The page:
UK Prime Minister Boris Johnson likens climate change risks to fall of Roman Empire

G20 leaders meeting in Rome to discuss Covid-19, corporation tax and global warming

Boris Johnson has compared the risks of climate change to the fall of the Roman Empire, as the UK Prime Minister said a failure to act could see civilisation swiftly going backwards.

G20 leaders are meeting in Rome at the weekend, with global warming a key talking point.

Nearly 200 world leaders and around 20,000 delegates will also gather in Glasgow, Scotland, from Sunday for the Cop26 UN climate conference.

Mr Johnson said it would be “very, very tough” to get the agreements needed to slow the temperature rise.

A leaked draft of the final G20 communique said they would enhance effort to limit global warming to 1.5°C above pre-industrial levels.

This is generally regarded as the level necessary to avoid the most severe effects of climate change.

“Humanity, civilisation and society can go backwards as well as forwards, and when they start to go wrong, they can go wrong at extraordinary speed,” Mr Johnson said in Rome.

“Unless we get this right in tackling climate change, we could see our civilisation, our world, also go backwards.

“You saw that with the decline and fall of the Roman Empire.”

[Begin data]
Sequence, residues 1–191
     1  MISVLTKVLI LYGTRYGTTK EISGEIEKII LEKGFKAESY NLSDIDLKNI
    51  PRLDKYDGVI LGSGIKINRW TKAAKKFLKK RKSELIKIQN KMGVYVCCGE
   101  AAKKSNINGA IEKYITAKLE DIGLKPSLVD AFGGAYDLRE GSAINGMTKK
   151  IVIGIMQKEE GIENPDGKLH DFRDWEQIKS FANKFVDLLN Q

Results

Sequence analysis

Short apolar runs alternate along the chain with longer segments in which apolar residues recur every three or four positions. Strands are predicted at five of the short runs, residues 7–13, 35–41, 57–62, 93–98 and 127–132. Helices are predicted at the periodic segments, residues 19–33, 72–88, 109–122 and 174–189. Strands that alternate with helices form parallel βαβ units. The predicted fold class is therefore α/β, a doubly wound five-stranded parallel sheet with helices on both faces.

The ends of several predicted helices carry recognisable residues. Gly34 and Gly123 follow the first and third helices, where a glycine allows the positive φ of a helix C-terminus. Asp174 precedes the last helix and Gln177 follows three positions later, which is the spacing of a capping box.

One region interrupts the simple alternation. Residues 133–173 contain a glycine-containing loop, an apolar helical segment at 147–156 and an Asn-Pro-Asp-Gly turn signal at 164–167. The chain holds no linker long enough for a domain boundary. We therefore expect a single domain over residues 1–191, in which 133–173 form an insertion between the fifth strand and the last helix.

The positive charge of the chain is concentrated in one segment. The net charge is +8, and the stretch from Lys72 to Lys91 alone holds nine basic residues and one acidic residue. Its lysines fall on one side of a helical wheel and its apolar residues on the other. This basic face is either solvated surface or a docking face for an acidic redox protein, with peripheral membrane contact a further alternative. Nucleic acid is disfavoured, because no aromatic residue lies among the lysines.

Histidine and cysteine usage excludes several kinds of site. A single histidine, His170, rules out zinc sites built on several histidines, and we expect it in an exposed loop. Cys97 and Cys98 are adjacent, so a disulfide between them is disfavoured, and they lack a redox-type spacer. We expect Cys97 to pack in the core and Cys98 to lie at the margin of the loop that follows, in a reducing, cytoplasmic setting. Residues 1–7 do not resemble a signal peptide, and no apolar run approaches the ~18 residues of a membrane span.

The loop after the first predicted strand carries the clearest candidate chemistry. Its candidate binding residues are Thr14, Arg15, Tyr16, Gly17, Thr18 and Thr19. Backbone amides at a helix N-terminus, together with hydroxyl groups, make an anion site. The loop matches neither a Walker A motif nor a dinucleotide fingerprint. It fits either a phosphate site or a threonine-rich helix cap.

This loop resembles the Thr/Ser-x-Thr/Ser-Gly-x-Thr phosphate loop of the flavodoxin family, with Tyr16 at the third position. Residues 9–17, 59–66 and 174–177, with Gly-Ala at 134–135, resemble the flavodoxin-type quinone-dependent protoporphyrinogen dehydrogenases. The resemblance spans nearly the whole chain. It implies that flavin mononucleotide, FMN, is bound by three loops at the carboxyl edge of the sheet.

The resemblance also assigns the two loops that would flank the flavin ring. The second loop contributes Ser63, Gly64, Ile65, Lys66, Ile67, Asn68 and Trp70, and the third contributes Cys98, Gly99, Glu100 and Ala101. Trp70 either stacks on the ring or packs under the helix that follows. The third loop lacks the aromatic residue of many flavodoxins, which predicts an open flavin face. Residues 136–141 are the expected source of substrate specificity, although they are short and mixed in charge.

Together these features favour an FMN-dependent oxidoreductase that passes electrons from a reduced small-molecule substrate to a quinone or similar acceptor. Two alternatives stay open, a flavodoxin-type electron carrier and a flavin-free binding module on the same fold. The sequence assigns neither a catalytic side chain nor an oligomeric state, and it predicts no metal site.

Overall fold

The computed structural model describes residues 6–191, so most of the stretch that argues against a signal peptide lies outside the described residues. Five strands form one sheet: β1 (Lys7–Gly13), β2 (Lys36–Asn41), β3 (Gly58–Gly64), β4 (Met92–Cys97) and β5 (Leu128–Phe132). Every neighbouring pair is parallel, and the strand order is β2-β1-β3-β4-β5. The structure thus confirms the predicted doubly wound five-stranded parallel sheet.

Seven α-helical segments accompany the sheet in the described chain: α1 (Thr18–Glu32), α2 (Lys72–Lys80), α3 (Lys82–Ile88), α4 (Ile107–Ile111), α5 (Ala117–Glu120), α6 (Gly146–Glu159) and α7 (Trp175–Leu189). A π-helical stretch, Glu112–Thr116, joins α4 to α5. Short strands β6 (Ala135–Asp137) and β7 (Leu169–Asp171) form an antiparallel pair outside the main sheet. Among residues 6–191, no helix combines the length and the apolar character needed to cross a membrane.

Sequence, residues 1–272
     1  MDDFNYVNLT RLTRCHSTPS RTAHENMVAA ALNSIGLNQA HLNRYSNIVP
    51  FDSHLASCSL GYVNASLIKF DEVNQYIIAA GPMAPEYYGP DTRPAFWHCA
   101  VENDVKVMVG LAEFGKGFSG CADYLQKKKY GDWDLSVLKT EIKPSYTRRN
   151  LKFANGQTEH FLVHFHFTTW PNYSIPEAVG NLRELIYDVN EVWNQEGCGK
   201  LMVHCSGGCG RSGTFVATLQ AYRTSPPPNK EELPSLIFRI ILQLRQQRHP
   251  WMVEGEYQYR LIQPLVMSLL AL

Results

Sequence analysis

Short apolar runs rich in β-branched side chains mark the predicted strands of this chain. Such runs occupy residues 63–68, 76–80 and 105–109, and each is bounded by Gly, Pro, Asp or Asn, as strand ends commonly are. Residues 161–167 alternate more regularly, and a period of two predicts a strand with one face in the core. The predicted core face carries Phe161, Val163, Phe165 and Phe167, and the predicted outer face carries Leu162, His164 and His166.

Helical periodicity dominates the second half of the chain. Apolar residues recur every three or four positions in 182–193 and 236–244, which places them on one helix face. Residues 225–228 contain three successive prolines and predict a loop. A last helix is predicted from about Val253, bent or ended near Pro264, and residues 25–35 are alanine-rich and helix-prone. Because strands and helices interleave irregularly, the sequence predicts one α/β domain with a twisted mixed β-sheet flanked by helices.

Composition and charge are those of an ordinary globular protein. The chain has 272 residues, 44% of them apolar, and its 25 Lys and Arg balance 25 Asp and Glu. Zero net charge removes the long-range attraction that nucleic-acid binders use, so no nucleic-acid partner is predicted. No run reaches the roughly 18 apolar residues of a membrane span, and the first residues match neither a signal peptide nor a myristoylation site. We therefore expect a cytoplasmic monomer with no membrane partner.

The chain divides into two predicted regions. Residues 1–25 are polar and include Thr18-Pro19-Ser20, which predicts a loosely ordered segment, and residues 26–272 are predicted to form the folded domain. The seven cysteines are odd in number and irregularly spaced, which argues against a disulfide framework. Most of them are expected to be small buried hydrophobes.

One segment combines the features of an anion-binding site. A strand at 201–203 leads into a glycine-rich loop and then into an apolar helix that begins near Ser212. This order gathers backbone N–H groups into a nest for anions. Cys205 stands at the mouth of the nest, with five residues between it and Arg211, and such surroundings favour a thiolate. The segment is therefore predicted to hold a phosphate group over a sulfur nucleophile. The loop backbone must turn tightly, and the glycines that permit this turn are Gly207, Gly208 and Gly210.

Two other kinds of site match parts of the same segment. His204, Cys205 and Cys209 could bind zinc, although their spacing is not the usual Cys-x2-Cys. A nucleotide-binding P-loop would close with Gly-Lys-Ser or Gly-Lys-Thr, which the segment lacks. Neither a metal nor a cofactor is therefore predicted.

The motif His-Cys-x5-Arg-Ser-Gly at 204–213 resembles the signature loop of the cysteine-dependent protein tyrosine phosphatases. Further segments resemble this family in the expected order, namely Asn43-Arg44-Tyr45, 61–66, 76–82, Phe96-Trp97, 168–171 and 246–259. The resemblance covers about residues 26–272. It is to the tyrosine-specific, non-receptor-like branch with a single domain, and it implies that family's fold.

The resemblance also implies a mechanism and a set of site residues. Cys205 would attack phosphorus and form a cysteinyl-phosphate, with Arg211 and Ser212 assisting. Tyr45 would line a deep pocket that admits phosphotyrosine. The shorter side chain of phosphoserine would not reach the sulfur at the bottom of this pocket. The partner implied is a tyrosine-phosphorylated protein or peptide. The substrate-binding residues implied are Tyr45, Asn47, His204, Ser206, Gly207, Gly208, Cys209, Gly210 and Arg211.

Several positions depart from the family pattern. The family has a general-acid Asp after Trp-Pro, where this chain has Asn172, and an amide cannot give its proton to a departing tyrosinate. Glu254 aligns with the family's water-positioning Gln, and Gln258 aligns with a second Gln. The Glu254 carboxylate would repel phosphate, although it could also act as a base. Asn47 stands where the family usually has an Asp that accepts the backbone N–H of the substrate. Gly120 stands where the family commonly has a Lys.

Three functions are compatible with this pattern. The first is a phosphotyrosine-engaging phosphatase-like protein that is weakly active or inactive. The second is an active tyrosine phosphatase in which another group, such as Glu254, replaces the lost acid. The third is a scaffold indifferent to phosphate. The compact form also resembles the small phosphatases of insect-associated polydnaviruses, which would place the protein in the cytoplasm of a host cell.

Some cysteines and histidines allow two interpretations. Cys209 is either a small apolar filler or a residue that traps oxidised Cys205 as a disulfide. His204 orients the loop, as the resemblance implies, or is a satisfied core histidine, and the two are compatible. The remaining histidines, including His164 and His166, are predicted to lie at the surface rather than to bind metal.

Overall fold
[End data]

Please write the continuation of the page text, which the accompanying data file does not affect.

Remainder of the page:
Mr Johnson has not struck an optimistic tone in the lead-up to the conference, saying in Rome that he still rated the chances of success in Glasgow as no more than six out of 10.

G20 countries account for around 80 per cent of global emissions and the world's gross domestic product.

“From the pandemic, to climate change, to fair and equitable taxation, going it alone is simply not an option,” said the host of the G20 talks, Italian Prime Minister Mario Draghi.

A draft communique seen by Reuters said leaders are set to pledge to halt financing of overseas coal-fired power generation by the end of this year, and to “do our utmost” to stop building new coal power plants before the end of the 2030s.

But G20 members, many at different stages of economic development, remain at odds over the goal of reducing greenhouse gas emissions to net zero by 2050.

Climate is expected to feature more prominently at the G20 talks on Sunday, with the first day largely focused on Covid-19 and the economic recovery.

Leaders are also expected to approve a global minimum corporation tax of 15 per cent.

Updated: October 31st 2021, 2:24 PM
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